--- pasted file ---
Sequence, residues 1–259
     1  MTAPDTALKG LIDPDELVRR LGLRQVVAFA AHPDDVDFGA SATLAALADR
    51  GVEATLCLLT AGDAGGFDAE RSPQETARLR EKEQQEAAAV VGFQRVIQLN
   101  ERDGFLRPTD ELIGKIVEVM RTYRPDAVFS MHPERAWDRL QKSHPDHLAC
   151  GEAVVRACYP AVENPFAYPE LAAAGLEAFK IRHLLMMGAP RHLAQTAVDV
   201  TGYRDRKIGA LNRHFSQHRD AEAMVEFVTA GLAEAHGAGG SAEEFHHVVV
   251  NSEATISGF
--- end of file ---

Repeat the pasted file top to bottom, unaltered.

Sequence, residues 1–259
     1  MTAPDTALKG LIDPDELVRR LGLRQVVAFA AHPDDVDFGA SATLAALADR
    51  GVEATLCLLT AGDAGGFDAE RSPQETARLR EKEQQEAAAV VGFQRVIQLN
   101  ERDGFLRPTD ELIGKIVEVM RTYRPDAVFS MHPERAWDRL QKSHPDHLAC
   151  GEAVVRACYP AVENPFAYPE LAAAGLEAFK IRHLLMMGAP RHLAQTAVDV
   201  TGYRDRKIGA LNRHFSQHRD AEAMVEFVTA GLAEAHGAGG SAEEFHHVVV
   251  NSEATISGF